Low-paid parents are “penalised” over flexible working requests, study finds

According to new research, almost half (42 per cent) of low-paid parents feel as if they have been “penalised” by their employer as a direct result of putting in requests for flexible working hours.

Low-paid workers who put in such requests say that they will often be allocated undesirable shift times, or offered fewer hours than they need to make ends meet, a study from the Trades Union Congress (TUC) suggests. Some workers even believe that they have lost their jobs as a result of such requests.

The group surveyed as many as 1,000 British parents aged between 20 and 35, who had a household income of £28,000 or less and looked after at least one child aged between one and 16.

Approximately half of respondents told TUC that they found it difficult to juggle their work and childcare commitments – while the study also found that a similar number were not aware of their legal rights in relation to general employment law, while 63 per cent did not fully understand their rights in terms of parental leave arrangements.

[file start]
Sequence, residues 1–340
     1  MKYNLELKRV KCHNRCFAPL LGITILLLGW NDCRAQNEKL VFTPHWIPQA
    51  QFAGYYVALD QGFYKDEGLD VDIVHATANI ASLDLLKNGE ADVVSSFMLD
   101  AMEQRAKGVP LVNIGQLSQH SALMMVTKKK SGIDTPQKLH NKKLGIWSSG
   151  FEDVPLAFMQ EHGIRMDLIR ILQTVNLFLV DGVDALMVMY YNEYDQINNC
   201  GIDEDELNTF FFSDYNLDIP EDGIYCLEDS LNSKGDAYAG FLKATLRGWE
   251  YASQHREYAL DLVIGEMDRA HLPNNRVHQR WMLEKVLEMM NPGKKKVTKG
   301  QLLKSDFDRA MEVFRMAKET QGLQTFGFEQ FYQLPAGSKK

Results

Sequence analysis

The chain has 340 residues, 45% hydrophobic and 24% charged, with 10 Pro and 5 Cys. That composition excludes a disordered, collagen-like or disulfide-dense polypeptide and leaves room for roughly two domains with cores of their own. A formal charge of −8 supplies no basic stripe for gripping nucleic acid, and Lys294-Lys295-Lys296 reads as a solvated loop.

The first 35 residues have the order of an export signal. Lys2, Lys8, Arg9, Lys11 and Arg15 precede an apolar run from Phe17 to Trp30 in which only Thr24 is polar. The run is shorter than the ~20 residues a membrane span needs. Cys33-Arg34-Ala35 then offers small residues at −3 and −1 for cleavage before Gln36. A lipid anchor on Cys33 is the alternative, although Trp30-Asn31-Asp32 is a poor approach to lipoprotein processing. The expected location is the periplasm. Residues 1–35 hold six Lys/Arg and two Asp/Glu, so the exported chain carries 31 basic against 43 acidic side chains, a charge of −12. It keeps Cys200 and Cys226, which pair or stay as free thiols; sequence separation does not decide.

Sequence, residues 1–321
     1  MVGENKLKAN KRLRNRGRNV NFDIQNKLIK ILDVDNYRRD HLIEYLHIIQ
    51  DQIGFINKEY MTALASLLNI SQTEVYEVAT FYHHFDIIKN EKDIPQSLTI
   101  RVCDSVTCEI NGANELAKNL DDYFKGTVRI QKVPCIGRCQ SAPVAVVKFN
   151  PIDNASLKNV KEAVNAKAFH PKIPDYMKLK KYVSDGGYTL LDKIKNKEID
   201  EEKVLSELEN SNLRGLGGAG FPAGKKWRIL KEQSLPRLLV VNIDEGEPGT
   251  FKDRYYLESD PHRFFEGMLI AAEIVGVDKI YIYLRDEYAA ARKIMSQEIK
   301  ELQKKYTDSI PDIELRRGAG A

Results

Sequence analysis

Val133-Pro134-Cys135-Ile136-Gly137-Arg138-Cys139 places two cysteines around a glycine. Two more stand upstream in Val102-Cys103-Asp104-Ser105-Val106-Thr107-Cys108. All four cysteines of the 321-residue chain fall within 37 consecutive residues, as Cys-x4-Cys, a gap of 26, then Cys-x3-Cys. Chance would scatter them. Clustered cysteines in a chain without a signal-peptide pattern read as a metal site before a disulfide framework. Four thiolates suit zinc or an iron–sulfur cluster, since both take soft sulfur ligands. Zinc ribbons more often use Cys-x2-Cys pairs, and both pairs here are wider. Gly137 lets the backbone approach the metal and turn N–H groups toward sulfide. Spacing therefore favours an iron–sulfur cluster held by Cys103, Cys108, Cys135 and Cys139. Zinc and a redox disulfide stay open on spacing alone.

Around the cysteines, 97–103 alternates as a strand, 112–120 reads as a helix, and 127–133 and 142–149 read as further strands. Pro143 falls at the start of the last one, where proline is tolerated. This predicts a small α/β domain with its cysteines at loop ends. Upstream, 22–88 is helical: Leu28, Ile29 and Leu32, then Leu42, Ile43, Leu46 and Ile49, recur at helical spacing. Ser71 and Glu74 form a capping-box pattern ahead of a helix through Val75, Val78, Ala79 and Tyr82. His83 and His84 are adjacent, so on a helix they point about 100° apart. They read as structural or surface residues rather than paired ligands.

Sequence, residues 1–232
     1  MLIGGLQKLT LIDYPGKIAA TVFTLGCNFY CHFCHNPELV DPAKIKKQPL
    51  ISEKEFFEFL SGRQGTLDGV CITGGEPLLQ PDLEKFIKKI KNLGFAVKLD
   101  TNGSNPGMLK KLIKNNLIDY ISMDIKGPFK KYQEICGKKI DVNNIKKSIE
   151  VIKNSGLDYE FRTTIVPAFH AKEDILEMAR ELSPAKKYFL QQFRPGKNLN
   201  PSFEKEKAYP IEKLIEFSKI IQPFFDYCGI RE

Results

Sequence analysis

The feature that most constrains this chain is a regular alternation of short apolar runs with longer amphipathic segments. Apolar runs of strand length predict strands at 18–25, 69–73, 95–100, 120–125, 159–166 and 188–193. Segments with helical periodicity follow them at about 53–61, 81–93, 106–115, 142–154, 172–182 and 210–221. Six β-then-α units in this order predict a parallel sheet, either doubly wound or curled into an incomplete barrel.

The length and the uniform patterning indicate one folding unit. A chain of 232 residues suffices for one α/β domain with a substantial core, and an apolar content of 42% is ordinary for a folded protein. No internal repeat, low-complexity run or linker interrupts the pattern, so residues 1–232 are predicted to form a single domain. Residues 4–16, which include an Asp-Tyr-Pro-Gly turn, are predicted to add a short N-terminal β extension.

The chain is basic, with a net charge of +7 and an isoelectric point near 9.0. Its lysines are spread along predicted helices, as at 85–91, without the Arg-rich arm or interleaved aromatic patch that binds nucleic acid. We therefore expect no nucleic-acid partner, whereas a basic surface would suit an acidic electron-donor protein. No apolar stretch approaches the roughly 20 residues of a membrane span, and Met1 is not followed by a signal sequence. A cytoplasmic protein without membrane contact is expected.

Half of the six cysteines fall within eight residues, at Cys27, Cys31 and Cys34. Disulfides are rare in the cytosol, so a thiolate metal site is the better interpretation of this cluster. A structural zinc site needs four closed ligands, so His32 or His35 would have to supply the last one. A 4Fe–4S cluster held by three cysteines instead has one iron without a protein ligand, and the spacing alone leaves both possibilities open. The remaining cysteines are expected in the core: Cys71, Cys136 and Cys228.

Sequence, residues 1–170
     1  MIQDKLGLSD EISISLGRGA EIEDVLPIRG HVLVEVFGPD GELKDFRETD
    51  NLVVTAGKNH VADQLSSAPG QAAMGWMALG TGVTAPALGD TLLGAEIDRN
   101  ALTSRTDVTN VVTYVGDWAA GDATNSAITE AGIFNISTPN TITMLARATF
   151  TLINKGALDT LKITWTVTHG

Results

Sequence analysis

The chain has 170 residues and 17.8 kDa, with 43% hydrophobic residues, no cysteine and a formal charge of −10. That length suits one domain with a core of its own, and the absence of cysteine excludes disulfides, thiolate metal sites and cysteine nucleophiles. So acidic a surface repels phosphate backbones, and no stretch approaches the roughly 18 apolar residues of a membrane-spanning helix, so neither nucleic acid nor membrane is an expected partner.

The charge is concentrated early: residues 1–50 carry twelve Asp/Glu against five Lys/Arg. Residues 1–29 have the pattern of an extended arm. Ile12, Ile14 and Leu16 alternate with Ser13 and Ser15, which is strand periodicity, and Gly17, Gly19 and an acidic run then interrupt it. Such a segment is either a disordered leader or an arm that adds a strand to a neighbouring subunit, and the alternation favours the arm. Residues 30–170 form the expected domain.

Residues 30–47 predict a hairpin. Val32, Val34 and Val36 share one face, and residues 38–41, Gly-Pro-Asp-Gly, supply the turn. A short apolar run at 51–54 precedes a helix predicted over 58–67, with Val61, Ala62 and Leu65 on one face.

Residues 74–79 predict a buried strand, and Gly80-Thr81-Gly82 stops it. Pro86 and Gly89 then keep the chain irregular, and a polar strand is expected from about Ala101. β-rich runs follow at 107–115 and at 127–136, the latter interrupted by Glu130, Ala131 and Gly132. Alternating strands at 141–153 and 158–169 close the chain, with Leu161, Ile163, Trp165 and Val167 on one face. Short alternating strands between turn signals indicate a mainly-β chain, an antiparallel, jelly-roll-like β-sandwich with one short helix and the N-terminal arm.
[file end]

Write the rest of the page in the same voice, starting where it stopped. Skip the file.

Under English law, every employee has a statutory right to request flexible working after 26 weeks of employment.

Employees can only make one request in any 12 month period, but an employer must have a sound and legitimate reason in order to lawfully refuse their request.

Despite this, 29 per cent of TUC survey respondents said that, at least once in the past year, they had used their annual leave entitlement in order to look after an unwell child.

Meanwhile, 42 per cent of those who were aware of their rights and did ask for flexible working hours said that they had been unfairly “penalised” as a result.

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Donna Martin

Donna Martin

Partner at Mackrell Turner Garrett
Donna Martin is a partner in the Employment team of Mackrell Turner Garrett’s London office. As an Employment Relations Specialist, she advises both employers and employees on a full range of contentious and non-contentious issues. She joined the firm in 2011 after training and qualifying at Vizards Wyeth Solicitors in London, where she practiced employment law and commercial litigation.